Nominations for the 84th Academy Awards painted a wild, confusing, contradictory picture of the Academy.
Oscar voters agreed with the critics, giving "The Tree of Life" (below) an unexpected berth in their surprisingly large group of nine Best Picture nominees.
They ignored the critics, putting "Extremely Loud & Incredibly Close" in the lineup as well.
Also read: Oscar Nominees: The Complete List
They loved actors playing real characters (Meryl Streep as Margaret Thatcher, Michelle Williams as Marilyn Monroe, Brad Pitt as Billy Beane) — and they didn't like actors playing real characters (Leonardo DiCaprio as J. Edgar Hoover).
They went for "The Girl With the Dragon Tattoo" in a big way, giving it five nominations and making Rooney Mara the most surprising entrant in the Best Actress category, but left the film out of the Best Picture lineup.
They liked "The Help" enough to put it in that lineup, but they didn't like "The Help" enough to give it a single nomination outside the picture and acting fields.
They really loved Martin Scorsese's "Hugo," making it the most-nominated film of the year, with 11 – but not one of those 11 came in a category voted on by the Actors Branch, by far the Academy's biggest.
Also read: The Snubs (Slideshow)
They shunned Steven Spielberg (no nomination for his animated film "The Adventures of Tintin," which won the Producers Guild Award three days ago), they loved Steven Spielberg (six nominations for "War Horse," tied for third among all films), and they shunned Steven Spielberg again (no director nomination).
They gave actors' actor Gary Oldman the first nomination of his long and celebrated career, but couldn't find room for actors' actor Tilda Swinton.
To go from the occasionally ridiculous to the sublime, the Oscar nominations put me in mind of Walt Whitman's "Song of Myself," a title Hollywood can surely relate to:
"Do I contradict myself?
Very well then I contradict myself,
(I am large, I contain multitudes.)"
The Academy contained multitudes on Tuesday morning, as epitomized by a nine-film slate of Best Picture nominees that was at least one or two films bigger than most observers had expected.
But with those multitudes of conflicting messages – with a lineup that includes "The Artist" and "War Horse," "The Tree of Life" and "Extremely Loud," "The Help" and "Hugo" and "The Descendants" and "Midnight in Paris" and "Moneyball" – have they given us any signs that the first of those films won't have an easy march to the stage at the end of the show on Feb. 26?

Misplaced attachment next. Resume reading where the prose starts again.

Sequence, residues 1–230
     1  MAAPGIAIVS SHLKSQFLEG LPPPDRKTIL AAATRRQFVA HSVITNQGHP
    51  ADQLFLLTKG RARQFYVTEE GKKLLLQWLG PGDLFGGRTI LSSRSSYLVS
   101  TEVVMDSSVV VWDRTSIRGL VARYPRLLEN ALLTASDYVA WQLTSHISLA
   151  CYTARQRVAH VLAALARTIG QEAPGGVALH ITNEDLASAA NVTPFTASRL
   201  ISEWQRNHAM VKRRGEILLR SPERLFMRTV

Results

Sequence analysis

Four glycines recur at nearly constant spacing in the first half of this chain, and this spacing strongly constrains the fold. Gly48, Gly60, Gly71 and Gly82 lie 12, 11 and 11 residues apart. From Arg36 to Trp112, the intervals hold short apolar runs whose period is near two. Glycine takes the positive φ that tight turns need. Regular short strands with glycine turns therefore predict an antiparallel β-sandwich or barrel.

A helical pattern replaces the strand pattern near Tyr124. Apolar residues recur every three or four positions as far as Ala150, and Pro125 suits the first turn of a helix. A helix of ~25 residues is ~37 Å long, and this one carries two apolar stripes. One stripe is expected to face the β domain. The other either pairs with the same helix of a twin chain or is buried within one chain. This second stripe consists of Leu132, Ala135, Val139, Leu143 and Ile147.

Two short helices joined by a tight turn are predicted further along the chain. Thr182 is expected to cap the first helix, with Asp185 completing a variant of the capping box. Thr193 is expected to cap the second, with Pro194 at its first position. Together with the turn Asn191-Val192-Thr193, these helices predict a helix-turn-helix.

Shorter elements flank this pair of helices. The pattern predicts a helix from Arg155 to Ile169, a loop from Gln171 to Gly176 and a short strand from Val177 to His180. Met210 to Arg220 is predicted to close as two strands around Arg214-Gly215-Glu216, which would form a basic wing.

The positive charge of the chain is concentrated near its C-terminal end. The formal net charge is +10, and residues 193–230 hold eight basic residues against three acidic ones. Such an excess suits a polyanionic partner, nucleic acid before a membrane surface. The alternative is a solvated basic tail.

I've said in the past that the key to challenging "The Artist" is to find a film that can firmly assume the number-two slot, that can be the go-to vote for Academy members who aren't enamored with the black-and-white silent film. And with its 11 nominations, maybe "Hugo" has become that film – though it's hard to think it can mount a serious challenge without a single acting nomination.
The other potential challenger, "The Descendants," wasn't exactly hurt in its quest to upset "The Artist" – it was recognized in most of the key categories, minus cinematography – but it wasn't enormously helped, either. (Leaving Shailene Woodley out of the Best Supporting Actress category stings, I'm sure.)
In the animated feature category, meanwhile, voters probably removed the biggest obstacle "Rango" had faced by not nominating "The Adventures of Tintin," Spielberg's motion-capture extravaganza and a film that could well have won if the skeptical animators had given it a nomination.
Also a casualty: "Cars 2," which gives Pixar chief John Lasseter the unpleasant distinction of being the first Pixar director whose film was not nominated for Best Animated Feature during the 10-year existence of the category.
And once again, voters in the Music Branch showed that that branch's nominating process is hopelessly skewed in favor of songs that are performed onscreen, ignoring a large number of very effective end-credits songs in favor of a paltry two nominees: "Real in Rio" from "Rio" and, thankfully, the year's best movie song, "Man or Muppet" from "The Muppets."
And here's a stat worthy of the Golden Globes: Jason Reitman's "Young Adult" and Steve McQueen's "Shame" weren't nominated for anything, but Madonna's "W.E." was.